Teaching Our Kids to Lament

Teaching kids how to lament is a valuable tool.

Lamenting is a lost art.

The definition of lamenting, according to Google dictionary, is “the act of mourning a loss or the passionate expression of grief or sorrow.” This may not sound like something we should strive to maintain. Yet, I believe that lamenting is indeed not only a necessary action, but also a significant rhythm to give permission to practice.

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Why Should We Lament?

When there is no culturally normalized way to move through a loss, the lack of acceptable outlet multiples the emotions. Our culture has made expressions of grief and loss taboo; we have no ritual to guide us in these dark places – no socially acceptable traditions to give us footing. In ancient times, people sat in sackcloth and ashes, and others sat with them. Mourning rituals were prescribed actions that gave the grieving permission to do so.

A child can learn how to grieve and feel sadness in a healthy way.

Sorrow Is Inevitable

As moms, we teach our kids many things, with intention and by example. Are we also teaching they can endure hard things and how? This is an age of lamenting, from pandemics to racial tensions to natural disasters. It’s our tendency to shelter our kids, which is part of the job. It’s also our role to prepare our kids for the adulthood.

Grief, loss, and sorrow are inevitable. My kids are the first generation to grow up in the digital era. Seeing tragedy and events in real time is a byproduct of technology. No matter how you manage technology use in your home, know that your children will experientially feel current events in ways we never did.

Our kids have experienced the loss of classroom learning, planned activities, and normal life. They are living with the pressure to succeed. Kids are also far more intuitive than we give them credit for; they sense when we are upset about world events and personal struggles. Giving them tools for all the parts of life is an incredible gift.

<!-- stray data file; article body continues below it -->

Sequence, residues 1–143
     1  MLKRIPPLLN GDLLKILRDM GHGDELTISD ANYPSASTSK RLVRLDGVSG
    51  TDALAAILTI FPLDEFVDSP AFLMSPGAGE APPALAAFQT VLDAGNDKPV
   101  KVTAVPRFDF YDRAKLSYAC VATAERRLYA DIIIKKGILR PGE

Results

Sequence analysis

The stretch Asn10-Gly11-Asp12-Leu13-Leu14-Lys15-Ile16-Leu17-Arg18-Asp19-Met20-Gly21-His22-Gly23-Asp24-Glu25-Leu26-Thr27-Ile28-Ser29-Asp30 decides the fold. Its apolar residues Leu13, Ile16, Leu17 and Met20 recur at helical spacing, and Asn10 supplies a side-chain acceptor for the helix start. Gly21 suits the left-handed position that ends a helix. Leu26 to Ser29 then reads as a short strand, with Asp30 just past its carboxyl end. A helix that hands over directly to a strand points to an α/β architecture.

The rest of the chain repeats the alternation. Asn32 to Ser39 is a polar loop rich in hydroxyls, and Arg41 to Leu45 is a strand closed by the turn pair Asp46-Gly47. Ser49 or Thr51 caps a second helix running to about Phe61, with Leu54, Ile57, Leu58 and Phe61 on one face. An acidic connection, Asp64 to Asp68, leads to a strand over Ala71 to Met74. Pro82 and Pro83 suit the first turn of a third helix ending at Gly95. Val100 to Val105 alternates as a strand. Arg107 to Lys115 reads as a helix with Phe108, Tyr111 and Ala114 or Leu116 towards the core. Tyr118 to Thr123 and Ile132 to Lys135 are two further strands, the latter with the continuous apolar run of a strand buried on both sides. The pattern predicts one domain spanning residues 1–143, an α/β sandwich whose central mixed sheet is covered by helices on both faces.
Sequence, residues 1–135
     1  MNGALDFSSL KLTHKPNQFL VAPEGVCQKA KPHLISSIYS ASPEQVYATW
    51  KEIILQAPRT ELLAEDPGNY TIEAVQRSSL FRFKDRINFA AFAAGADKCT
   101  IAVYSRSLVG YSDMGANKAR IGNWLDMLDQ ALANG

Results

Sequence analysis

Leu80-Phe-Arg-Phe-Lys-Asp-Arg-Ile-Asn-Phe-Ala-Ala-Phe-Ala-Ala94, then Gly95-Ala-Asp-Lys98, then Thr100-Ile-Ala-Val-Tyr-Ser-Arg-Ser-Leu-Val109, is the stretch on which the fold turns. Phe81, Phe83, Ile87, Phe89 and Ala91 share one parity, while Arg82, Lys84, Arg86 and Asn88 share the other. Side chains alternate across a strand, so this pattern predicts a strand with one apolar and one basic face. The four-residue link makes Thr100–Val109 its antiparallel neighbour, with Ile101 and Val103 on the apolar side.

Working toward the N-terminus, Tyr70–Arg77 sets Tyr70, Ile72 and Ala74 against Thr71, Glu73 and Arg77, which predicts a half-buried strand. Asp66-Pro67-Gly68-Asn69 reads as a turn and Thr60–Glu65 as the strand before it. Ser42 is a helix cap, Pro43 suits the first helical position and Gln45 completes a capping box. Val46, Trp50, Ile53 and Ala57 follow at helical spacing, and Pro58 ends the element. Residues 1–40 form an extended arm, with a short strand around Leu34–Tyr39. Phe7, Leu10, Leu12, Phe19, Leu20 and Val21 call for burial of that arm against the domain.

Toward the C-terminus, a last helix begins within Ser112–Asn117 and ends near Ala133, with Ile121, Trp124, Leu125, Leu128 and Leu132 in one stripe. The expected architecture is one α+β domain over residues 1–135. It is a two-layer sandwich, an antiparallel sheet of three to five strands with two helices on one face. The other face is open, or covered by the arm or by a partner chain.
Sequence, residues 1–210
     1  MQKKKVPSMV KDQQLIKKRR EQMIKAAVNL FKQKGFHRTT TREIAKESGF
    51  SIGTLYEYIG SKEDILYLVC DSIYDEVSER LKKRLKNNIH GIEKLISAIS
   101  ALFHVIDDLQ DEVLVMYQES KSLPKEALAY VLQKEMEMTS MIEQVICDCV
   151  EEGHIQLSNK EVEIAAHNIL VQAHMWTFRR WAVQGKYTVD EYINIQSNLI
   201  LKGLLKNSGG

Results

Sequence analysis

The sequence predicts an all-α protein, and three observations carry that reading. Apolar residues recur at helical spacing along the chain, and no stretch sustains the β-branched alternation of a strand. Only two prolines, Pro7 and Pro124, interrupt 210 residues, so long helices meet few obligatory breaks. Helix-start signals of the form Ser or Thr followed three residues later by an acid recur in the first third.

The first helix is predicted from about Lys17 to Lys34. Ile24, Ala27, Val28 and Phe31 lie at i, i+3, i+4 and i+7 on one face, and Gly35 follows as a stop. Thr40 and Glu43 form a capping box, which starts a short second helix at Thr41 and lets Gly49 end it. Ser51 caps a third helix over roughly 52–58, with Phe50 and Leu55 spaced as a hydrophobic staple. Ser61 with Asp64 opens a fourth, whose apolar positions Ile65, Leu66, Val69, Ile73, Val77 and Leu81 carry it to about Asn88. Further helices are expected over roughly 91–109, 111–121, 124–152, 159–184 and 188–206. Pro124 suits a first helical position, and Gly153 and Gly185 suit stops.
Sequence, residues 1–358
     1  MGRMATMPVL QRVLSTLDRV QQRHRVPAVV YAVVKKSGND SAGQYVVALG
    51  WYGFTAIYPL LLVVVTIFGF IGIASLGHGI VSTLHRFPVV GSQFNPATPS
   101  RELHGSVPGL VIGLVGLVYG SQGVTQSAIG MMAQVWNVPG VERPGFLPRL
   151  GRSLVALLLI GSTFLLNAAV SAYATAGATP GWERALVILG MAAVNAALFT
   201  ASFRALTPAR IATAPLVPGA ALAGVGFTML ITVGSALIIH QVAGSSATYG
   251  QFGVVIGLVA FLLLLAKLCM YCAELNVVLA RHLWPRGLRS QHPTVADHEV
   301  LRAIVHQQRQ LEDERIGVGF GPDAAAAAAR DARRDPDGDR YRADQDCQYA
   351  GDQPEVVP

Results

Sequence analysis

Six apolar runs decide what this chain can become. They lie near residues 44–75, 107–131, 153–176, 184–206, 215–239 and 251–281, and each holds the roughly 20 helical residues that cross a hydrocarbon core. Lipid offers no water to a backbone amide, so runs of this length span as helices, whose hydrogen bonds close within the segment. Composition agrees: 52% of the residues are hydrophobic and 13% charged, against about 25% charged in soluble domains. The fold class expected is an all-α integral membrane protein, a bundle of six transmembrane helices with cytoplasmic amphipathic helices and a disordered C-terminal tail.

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Teach a kid how to lament.How Do We Teach Kids to Lament?

Being intentional to guide our children through lamenting is life skill they need. Lest we overcomplicate this, it’s simply being a safe place where they can talk about their sadness, anger, and fears.  

      1. Use emotion charts. Print off a chart of emojis to help teach the vocabulary, connecting words to feelings. Having vocabulary doesn’t just give a way to express emotions, it gives permission to do so.
      2. Be a student of your child. Pay attention to body language, mood, and facial expressions. When you see the signs of rising emotions, say something. Open the conversation, saying, “I see your fists clenched, and you look teary. Let’s talk about that.” Pull out the emotion chart and invite your child to talk about how they feel and why.
      3. Be the example. Do not put on a mask, stuff all the negative feelings, or attempt to be a robot. Let your child know when you feel sad and why, and how you’ll handle that. Our kids need to know it’s not their job to make us feel better, but they do need some reference points for managing grief and loss by seeing and knowing how you do it.
      4. Make it concrete. Loss is abstract, particularly to a child. Think about any way that you can approach the grief in concrete ways to create your own lamenting rituals. Guide them to write a goodbye letter to a pet or create a video telling all the things they loved about a friend who’s moved away. We let our kids choose an object from their grandmother’s house to hold as a reminder of her. When our child was cut from a beloved sport, we allowed them to box up all the equipment and donate it. Our most emotive child was allowed to tear up paper or punch a pillow when the big feelings took over.
      5. Be present. We want to be able to kiss the boo-boos and take the sting out, but this isn’t how life always works. When we can’t remove the pain, we do well to simply sit in it with them. Knowing they aren’t alone is significant. Recently, one of my kids was struggling. I asked if they wanted to be alone or have me sit next to them, then I asked if they want to talk or be silent and cry. I didn’t feel as though I did anything helpful, but it was exactly what was needed.

Don’t we all know that life is not sunshine and roses? Because loss and grief are inevitable, let’s be moms bold and brave to teach our kids how to handle the hard stuff. I’ve found in this pursuit that actually, my kids often become the teacher.

Heather has called the Fort Worth area home since 1995, after growing up as an Army brat and preacher's kid. She's married to her college sweetheart, Chris (Sic' Em Bears!). Their kids include Collin (1999) and his wife Elizabeth (1999), Cooper (2001), and Caris (2004). Heather is the co-founder and executive director of the nonprofit organization, The Adoptee Collective, which offers lifetime adoptee support and post adoption resources, as well as pre-adoption education. Heather is also a TBRI® Practitioner. Heather has authored and published multiple books and she finds joy in using her gifts, time, and energy toward her life goal to finish empty.


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